So, let’s say that a hacker has intercepted your connection, and you weren’t using a VPN. They’d be able to see what websites you accessed, and roughly when, but would have absolutely no idea what specific pages you accessed or any information that was shown. We can even assume that your internet provider is spying on all of your traffic, because they’re functionally exactly the same thing. Either way, while they’d be able to view which websites you accessed, they would have no access to any data you entered or even any information about what you did or saw while you were there. Essentially, your personal data is safe; feel free to shop from your favorite coffee shop all you want, and don’t let companies scare you into paying money for a service you don’t need.
But what actually is a VPN, and what legitimate reasons might you have for actually using one? Continuing the envelope metaphor: a VPN is basically a letter-forwarding service. On your computer, VPN software puts each “piece of mail” into a slightly larger magically sealed envelope that it then sends to the VPN company’s servers. Those servers essentially open the envelope and send whatever’s inside back out onto the internet. From an outsider’s perspective, they’ll see that all of your internet traffic is going to one address (the VPN server), and then getting mixed with the traffic from a thousand other people before getting sent back out—making it effectively impossible to trace any connection back to you or to figure out what websites you’re accessing. This can also be used to prevent your internet provider from tracking which websites you visit, although in reality it just shifts this ability from the internet provider to the VPN. It’s not unlikely that a VPN, particularly a well-known and well-audited one, is easier to trust than Comcast; however, it’s no panacea.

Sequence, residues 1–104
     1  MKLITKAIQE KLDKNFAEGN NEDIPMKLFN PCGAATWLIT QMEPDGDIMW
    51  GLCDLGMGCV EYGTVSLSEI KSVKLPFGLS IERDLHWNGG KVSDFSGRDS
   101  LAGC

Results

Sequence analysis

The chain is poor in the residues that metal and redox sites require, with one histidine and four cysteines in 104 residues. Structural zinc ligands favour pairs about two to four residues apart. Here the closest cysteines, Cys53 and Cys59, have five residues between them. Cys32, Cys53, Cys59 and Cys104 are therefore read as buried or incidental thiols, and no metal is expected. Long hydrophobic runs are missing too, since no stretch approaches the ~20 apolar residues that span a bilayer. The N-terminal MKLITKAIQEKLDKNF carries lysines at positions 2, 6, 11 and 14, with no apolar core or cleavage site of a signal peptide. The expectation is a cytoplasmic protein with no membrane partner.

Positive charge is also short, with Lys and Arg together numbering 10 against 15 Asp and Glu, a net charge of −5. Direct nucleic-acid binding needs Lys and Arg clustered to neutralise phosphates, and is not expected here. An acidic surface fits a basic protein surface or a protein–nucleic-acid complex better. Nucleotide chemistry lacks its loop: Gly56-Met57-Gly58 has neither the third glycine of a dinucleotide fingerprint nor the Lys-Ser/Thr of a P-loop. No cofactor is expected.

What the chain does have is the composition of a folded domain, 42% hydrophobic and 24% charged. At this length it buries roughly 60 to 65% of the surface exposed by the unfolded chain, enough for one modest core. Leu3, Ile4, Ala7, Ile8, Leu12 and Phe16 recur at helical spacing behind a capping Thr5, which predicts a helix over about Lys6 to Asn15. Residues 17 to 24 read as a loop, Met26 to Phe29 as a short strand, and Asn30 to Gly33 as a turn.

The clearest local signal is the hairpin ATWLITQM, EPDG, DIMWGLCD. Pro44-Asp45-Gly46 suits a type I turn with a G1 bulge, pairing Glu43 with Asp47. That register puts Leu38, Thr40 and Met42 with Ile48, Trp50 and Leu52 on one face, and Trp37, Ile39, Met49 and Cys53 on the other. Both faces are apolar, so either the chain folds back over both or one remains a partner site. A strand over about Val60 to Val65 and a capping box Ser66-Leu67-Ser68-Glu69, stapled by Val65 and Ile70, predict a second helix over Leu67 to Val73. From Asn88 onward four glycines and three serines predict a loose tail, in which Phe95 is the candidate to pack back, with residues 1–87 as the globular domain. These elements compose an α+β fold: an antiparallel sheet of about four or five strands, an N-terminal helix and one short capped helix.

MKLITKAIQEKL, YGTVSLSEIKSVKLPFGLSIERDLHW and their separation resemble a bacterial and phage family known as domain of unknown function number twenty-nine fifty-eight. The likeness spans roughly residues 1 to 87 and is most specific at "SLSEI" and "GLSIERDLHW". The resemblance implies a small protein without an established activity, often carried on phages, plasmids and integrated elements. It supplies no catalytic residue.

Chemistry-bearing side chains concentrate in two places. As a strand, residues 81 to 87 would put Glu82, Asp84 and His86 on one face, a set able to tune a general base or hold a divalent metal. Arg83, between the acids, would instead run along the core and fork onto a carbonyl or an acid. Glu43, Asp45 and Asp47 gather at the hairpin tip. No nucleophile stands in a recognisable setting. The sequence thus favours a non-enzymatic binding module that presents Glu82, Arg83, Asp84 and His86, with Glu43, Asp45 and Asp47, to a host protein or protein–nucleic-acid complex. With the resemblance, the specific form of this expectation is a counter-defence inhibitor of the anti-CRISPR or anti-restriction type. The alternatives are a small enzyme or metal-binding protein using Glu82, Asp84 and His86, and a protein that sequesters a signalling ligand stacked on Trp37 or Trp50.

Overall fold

One of the chief reasons to actually use a VPN is if you’re concerned that someone spying on your internet connection might seek to harm you based on what websites you visit, and not just based on personal data—for example, if you’re a journalist in China or Russia, or are accessing LGBTQ-related websites from within Saudi Arabia, or are searching for resources from within an abusive household. A VPN will hide that traffic (assuming it’s properly configured) but it will be pretty obvious that you’re using a VPN because all of your internet traffic will be going to a single place.
Another reason that you would use a VPN is for its original intended purpose: changing where your computer is virtually located on the internet. For instance, Swarthmore has a VPN server on-campus, and by connecting to that server from anywhere in the world, you can access network resources that are normally locked within the campus network. From the Swarthmore network’s point of view, all of your connections are originating from a server somewhere in a basement on-campus, even though said server is actually relaying all of that traffic over an encrypted tunnel to whatever exotic locale you happen to be connecting from at the moment. The same principle applies to using one of many VPN servers that bounce your connection through some foreign country. Various services like Netflix will only serve certain content to computers located in specific countries—or, in your case, relaying a connection through said country. Note that doing this is technically a violation of Netflix’s terms of service, but this prohibition has never been enforced.
In summary, while there are legitimate reasons to use VPNs, protection of specific personal data isn’t one of them. If you want to be serious about that, you should absolutely be using a password manager. A VPN won’t help if some games website you made an account on ten years ago gets hacked, the attackers steal all the login information, and you’re using that same email and password for your bank account. “Reasons to use a password manager” is a whole other article but suffice to say that a password manager coupled with strong, memorable passwords will do infinitely more for your personal data security than a VPN will. I personally use 1Password, but there are a lot of options out there.
Hopefully, you’ve learned a bit about whether or not you actually need a VPN from this article. This article was heavily inspired by Tom Scott’s video on VPNs, and I also used this website to flesh out some of the discussion on HTTPS. Here’s a list made to shame websites that don’t redirect all queries to HTTPS (though most/all of them have an HTTPS option which your browser visits by default.)
This article was originally published in the Swarthmore Phoenix.